To the right of the exit, a large poster board read, “Interested in a career in law enforcement?” Below were pamphlets about the process and benefits of becoming a border patrol agent. “Not a desk job” it read in large font across the front. I pictured a lifetime of wearing a green uniform and sunglasses, holding a giant German Shepard, stopping cars at checkpoints across the southwest (preferably checkpoints within 60 miles of a killer climbing destination) and asking drivers if they were American citizens.

Definitely not a customer service job, but also not a job that would get me killed, hopefully. A government job, so medical benefits and a pension. The application process involved many steps: an application, a written test, a physical test, a polygraph, and then time at the border patrol academy if all went well. I could already do 20 push-ups in 60 seconds, so I figured I had this job in the bag.

I called my parents to tell them their baby was going to be serving her country as a border patrol agent.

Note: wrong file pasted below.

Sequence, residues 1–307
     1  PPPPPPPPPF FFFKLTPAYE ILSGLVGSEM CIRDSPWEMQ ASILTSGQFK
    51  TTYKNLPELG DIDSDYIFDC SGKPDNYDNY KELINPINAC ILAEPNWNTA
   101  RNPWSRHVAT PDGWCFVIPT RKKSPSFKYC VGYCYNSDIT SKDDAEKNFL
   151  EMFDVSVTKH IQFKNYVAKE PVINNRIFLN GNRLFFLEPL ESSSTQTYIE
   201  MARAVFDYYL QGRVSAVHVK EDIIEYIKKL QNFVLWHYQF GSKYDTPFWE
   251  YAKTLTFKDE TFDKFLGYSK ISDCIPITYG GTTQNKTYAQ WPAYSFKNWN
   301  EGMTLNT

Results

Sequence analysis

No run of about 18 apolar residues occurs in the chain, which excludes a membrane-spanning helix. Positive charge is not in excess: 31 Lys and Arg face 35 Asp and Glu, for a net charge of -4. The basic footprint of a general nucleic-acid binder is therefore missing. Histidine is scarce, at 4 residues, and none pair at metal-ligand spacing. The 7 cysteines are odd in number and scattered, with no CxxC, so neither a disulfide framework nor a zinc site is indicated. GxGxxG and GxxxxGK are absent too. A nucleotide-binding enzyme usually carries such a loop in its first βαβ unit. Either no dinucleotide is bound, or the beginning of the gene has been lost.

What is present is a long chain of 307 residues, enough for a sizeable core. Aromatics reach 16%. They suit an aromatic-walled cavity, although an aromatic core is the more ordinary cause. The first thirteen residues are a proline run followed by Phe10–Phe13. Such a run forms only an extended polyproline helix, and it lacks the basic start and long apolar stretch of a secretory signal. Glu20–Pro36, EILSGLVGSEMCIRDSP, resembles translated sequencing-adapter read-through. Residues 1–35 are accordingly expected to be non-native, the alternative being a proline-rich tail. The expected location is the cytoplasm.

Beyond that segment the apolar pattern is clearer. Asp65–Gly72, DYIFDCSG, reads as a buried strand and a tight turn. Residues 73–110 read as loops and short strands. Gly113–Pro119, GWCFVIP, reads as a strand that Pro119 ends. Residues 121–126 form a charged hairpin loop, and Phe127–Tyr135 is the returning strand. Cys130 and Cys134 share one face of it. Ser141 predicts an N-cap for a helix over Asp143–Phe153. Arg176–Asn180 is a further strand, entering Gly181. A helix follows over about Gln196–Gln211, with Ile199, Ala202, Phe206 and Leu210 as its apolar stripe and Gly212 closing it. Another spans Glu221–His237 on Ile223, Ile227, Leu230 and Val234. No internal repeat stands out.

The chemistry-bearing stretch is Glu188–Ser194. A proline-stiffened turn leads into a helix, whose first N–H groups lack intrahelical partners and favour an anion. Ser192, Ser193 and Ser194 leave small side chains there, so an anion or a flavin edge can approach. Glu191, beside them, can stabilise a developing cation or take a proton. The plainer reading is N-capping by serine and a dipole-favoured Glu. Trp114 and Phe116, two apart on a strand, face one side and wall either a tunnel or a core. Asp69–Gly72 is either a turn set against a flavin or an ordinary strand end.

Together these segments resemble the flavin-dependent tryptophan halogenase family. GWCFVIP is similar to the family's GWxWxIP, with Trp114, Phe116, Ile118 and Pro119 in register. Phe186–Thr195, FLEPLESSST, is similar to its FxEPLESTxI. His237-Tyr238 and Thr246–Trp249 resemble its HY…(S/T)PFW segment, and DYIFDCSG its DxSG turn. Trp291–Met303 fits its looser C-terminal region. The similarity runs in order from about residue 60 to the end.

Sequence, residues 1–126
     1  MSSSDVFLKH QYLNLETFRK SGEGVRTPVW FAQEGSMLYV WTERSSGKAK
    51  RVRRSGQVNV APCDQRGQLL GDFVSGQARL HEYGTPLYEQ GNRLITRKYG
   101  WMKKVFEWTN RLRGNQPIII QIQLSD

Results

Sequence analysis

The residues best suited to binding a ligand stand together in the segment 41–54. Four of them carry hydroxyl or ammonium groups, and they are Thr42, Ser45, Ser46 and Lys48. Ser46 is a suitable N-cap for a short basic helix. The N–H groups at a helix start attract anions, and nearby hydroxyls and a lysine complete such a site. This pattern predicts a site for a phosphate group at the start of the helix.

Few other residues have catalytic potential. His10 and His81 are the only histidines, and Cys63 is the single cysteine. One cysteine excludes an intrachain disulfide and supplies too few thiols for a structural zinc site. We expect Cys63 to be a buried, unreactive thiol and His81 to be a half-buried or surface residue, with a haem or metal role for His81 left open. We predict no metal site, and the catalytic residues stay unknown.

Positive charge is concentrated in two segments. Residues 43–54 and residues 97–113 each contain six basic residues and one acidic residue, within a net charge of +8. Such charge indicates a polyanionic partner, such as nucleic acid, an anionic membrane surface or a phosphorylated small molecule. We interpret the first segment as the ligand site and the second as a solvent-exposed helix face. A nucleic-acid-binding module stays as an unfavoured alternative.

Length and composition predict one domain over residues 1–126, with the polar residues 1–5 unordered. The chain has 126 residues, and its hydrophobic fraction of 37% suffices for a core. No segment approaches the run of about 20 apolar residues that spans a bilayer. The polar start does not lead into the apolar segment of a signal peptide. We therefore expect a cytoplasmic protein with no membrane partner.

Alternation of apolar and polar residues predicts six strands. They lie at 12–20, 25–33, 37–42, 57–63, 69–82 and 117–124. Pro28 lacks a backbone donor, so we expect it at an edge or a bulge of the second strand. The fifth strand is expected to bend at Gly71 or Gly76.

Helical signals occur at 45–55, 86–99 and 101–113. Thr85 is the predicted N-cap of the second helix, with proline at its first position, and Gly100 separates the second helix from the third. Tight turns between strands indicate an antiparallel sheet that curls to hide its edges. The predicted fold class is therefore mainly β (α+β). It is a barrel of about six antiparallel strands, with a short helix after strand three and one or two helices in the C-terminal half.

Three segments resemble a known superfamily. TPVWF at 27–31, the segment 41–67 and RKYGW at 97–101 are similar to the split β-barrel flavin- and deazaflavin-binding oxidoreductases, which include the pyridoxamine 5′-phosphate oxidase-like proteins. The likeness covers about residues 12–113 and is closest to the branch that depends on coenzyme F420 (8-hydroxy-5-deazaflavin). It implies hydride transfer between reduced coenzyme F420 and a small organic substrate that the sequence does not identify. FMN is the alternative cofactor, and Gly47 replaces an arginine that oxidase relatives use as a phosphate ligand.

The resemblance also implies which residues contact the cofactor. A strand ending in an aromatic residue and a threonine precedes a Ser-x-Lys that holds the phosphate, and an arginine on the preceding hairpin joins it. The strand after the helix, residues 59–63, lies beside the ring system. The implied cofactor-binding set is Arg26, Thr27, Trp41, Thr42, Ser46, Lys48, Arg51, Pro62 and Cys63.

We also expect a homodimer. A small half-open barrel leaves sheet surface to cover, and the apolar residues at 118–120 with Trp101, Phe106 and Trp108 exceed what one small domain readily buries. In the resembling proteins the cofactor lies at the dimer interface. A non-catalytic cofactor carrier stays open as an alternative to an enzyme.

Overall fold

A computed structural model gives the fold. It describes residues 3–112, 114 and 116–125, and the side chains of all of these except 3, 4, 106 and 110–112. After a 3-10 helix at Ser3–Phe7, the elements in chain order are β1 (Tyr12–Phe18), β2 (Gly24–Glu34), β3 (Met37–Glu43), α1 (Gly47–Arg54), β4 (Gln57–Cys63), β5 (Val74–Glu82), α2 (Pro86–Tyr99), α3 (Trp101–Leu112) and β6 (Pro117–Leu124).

“Yo creo que es una buena idea,” (it’s a good idea) my father said.

My mother, however, was even less enthusiastic than she’d been when I’d called earlier in the trip to tell them I was going to be a firefighter and she’d reminded me about my childhood asthma. 

“Yo creo que es una buena idea,” my father repeated. He offered no further explanation. It’s often hard to take him seriously. This is the man who used to yell “brinca” (jump) whenever my sister and I were climbing on the roof of the garage as kids.

As I compared the relative weight of my parents’ differing opinions, I continued reading about the benefits of life as a border patrol agent. Compared to firefighters, they didn’t get much time off at all!

My mom was right, I decided. Being a border patrol agent sounded pretty lame. 

As Sarah and I headed east, watching desert turn to swamp and menu items become increasingly deep fried, I remained directionless as ever. But at least I’d ruled out becoming a firefighting border patrol agent dog trainer engineer physical therapist who sells weed.


“Come on!” I heard Sarah grunt, followed by manic scraping, the sound of the cam being bludgeoned by her nut tool (a hooked piece of metal used to remove gear stuck in the rock) and labored breathing.